Cassidy Anderson, now 23, has come a long way these last 12 months.
She said she was ready to give up but it served as a wake-up call. Today she is studying for a qualification in mental health so she can help others.
Her first encounter with mental health was at age 3. She told the Liverpool Champion her father had undiagnosed schizophrenia and committed suicide. Then her mother became an addict and tried to commit suicide several times.
“I spent my life moving from house to house as a foster child, then couch to couch. I was quite lost with where I wanted to go in my life. I was struggling with my mental health with anxiety, depression and post-traumatic stress disorder. Then I came to Liverpool’s Flowerdale Cottage and I found guidance and a sense of belonging. It allowed me to recover,” she said.
“By coming to Flowerdale Cottage I’m not classified under a label. It’s important for people to know a diagnosis doesn’t define who you are as a person.”
Liverpool’s Flowerdale Cottage is operated by Flourish Australia and offers a program to support people dealing with mental health problems.
Cassidy’s brother suffers from bipolar disorder and has spent the last five years frequently in mental-health units. She said she was still in contact with her mother but they have a strained relationship.
“I’m gaining more perspective as I get older but it was a difficult upbringing. When I was in foster care the average amount of time I stayed in a home was 18 months. And my siblings were all separated – we were put into different foster homes growing up because it was hard to find a foster family willing to take on three or four kids.”
“I came to Flowerdale at 18 when I’d just been kicked out of my foster family’s house because once you turn 18 you’re no longer classed as a foster child. However, my mental health issues began appearing from 16 onwards. At first I was very much on the river of denial and it got to the point where I needed the help. I needed Flowerdale and the coping mechanism. Psychology and medication doesn’t always help everybody.”
Currently she is caring for her partner who also has mental health problems.
They live together in Mount Druitt.
“I’m a carer for a partner who has severe depression, anxiety and borderline personality disorder. I think it’s so important to have a relationship with someone who understands you. You have to be very patient because there are going to be bad days and good days so unless you’re willing to take both – it’s going to be a hard relationship to have. At least you can watch out for each other on a constant basis.”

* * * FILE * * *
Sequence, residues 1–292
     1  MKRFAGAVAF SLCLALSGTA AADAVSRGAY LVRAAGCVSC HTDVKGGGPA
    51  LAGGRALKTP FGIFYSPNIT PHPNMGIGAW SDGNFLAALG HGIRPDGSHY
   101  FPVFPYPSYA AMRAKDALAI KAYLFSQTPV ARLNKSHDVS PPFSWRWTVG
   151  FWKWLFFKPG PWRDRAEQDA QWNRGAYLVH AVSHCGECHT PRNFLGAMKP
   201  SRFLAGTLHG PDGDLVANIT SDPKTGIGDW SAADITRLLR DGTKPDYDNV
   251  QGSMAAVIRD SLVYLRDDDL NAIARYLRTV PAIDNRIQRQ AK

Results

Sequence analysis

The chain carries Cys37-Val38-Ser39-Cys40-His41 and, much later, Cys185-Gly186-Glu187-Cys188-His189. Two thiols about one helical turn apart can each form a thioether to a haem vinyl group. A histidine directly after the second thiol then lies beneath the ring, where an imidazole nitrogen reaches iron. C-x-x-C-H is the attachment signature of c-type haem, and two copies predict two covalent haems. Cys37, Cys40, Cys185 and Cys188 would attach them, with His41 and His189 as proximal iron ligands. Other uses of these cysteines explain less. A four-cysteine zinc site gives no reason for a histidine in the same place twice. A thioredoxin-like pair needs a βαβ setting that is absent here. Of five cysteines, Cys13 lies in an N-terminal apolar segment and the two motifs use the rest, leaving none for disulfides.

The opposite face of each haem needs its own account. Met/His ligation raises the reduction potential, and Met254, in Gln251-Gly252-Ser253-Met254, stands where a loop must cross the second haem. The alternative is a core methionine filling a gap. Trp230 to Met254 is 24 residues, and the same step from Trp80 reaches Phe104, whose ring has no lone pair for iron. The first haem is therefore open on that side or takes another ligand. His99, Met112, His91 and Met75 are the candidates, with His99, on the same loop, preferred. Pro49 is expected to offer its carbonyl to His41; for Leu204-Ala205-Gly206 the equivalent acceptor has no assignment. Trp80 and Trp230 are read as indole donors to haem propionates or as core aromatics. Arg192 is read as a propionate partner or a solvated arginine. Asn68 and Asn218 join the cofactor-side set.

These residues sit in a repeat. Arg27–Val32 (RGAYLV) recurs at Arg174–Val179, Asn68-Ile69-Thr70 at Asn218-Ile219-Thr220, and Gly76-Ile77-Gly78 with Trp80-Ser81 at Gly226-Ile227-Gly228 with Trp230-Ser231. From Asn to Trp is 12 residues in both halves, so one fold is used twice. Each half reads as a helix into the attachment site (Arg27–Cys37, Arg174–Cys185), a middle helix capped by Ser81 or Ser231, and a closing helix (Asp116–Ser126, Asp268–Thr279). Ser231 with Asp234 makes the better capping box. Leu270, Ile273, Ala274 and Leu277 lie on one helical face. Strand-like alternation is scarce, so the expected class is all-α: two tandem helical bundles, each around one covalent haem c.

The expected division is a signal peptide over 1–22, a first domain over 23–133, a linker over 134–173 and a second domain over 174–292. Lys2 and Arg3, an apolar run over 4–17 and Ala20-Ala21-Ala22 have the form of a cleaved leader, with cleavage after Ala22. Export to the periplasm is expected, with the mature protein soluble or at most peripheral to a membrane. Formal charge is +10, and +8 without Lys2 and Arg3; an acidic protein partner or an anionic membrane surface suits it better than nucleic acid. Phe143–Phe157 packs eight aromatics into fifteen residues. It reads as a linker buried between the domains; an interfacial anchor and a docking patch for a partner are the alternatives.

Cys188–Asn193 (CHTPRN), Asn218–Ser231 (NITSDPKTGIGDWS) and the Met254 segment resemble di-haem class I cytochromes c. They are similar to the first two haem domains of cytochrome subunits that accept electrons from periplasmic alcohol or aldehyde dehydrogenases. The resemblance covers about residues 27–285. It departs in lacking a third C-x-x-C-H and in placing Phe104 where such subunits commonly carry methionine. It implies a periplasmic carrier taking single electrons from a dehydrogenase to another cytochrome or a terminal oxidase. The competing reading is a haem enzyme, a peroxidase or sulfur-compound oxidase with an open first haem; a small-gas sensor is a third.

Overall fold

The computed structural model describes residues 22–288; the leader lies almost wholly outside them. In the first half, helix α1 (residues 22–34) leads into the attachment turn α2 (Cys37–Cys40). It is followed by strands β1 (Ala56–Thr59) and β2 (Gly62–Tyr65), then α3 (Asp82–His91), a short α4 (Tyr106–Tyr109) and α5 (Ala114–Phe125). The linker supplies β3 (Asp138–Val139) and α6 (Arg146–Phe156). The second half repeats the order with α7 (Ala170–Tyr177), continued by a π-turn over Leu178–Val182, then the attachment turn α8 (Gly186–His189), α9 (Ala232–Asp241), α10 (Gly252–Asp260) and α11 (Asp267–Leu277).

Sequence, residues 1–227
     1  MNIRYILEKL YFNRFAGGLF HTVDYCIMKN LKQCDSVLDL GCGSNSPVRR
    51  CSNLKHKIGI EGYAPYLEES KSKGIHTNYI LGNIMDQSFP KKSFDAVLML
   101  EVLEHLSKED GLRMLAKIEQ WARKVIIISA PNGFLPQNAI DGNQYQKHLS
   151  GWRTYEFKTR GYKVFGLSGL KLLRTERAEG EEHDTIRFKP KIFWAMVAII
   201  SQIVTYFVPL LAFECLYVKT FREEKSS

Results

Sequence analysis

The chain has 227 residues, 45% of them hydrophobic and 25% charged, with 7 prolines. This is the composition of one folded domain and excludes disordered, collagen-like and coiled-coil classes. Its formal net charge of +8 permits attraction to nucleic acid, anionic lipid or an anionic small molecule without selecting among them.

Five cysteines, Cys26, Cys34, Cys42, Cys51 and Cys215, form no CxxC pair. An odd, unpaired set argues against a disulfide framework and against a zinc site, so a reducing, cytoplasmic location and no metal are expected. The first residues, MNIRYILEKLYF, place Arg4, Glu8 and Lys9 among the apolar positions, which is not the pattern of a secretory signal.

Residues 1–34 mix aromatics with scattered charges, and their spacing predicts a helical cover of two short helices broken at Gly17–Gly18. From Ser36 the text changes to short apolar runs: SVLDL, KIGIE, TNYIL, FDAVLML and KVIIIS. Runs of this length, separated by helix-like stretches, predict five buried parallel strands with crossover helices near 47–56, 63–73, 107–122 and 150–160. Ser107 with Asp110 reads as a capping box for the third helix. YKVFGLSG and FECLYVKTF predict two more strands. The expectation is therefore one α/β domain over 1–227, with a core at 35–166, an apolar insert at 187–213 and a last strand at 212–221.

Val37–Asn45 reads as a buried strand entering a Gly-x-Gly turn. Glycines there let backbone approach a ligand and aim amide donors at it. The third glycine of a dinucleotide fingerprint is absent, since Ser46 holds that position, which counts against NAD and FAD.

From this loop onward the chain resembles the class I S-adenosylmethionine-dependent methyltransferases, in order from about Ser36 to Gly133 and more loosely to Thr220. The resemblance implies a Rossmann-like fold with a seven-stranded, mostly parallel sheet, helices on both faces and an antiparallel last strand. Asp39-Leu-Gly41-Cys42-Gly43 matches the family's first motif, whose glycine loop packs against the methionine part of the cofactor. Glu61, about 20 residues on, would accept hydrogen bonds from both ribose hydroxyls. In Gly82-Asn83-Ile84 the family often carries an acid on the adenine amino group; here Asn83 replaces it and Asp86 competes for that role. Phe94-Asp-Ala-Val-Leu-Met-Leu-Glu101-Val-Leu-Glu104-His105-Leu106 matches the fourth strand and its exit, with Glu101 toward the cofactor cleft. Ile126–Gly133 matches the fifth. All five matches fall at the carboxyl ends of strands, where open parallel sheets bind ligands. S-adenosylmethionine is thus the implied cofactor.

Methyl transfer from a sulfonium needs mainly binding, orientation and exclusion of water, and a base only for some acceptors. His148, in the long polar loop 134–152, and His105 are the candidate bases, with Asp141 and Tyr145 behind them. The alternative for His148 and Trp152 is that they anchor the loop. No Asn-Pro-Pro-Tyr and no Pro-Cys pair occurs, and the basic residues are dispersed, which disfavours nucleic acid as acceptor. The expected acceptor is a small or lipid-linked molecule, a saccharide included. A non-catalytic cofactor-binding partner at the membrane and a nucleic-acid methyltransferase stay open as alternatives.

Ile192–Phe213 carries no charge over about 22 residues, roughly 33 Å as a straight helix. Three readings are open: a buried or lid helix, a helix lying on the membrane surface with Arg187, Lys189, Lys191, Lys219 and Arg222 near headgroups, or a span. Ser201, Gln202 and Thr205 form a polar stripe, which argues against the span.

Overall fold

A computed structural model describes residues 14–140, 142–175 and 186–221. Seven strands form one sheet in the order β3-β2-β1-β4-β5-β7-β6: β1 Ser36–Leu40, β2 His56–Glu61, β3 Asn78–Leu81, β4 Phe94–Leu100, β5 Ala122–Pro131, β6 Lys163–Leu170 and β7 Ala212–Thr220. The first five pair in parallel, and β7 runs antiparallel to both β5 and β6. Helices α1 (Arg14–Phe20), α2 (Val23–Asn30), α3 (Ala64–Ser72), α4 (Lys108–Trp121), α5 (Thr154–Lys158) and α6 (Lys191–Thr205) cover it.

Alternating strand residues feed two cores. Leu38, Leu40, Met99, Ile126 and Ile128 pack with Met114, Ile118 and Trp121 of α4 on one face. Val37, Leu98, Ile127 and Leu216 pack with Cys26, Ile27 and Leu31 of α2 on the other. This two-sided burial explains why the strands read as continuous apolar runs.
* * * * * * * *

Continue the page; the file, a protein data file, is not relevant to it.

She said her whole outlook on life changed 12 months ago when she hit her lowest point.
“I’d like to show other kids, there’s a life after the darkness. Just because you’re going through a bad stage now, it doesn’t mean your future has to be that way. Very sadly people have given up but I want people to know they can get help. There needs to be a mental health plan and for people to speak to their doctors.
“November 22, 2016 was the day I gave up and no longer wanted to keep going. I took an entire packet of sleeping tablets in the carpark of the doctors and ended up in hospital attached to drips, monitors and I was on suicide watch for a couple of days.
“It wasn’t about dying, just about not feeling anything any more. It was planned out, I had been thinking about it for a month. After that I realised I didn’t want other people to feel as low as I did. I realised working in mental health was something I wanted to do.”
She said affection and understanding comes a long way. “Having my cats help me. It sounds strange but they know when I’m having a bad day.
“I tend to emotionally eat food and smoke cigarettes. I’m very aware of addiction running in my family so I don’t aid it with alcohol. I’ve been improving, but I’m just taking it a step at the time. My main goal right now is to finish my course in a diploma of mental health so I can help other’s and fulfill my passion.”
- Liverpool’s Flowerdale Cottage run by Flourish Australia is having an information day for students across South-west Sydney on October 17, 10am to 3pm.